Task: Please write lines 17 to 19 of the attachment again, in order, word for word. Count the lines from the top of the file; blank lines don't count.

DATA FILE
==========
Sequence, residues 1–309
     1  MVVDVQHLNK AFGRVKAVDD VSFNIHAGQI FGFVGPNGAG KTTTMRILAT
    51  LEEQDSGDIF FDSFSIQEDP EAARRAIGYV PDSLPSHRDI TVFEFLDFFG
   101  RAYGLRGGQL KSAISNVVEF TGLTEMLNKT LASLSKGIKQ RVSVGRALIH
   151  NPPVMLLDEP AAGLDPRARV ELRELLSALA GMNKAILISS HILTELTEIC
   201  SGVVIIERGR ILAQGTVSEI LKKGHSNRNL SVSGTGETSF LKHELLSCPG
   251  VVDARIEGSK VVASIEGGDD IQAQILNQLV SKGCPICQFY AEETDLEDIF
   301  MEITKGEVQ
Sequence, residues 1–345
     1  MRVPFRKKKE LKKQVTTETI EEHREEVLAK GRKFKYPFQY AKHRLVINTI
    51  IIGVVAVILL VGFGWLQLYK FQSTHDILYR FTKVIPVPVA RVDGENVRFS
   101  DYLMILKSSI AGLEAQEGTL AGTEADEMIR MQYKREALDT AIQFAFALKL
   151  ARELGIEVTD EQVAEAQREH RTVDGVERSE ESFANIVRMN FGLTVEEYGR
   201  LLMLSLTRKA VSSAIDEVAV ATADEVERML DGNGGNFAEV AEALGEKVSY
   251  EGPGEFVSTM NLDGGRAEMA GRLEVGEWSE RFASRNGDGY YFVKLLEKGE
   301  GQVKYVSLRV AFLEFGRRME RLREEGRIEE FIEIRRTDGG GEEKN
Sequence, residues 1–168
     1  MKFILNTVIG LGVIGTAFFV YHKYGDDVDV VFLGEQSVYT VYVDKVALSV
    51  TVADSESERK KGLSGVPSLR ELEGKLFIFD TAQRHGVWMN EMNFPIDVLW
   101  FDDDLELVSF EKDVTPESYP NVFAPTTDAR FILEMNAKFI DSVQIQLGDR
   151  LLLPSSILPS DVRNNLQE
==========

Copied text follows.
Sequence, residues 1–168
     1  MKFILNTVIG LGVIGTAFFV YHKYGDDVDV VFLGEQSVYT VYVDKVALSV
    51  TVADSESERK KGLSGVPSLR ELEGKLFIFD TAQRHGVWMN EMNFPIDVLW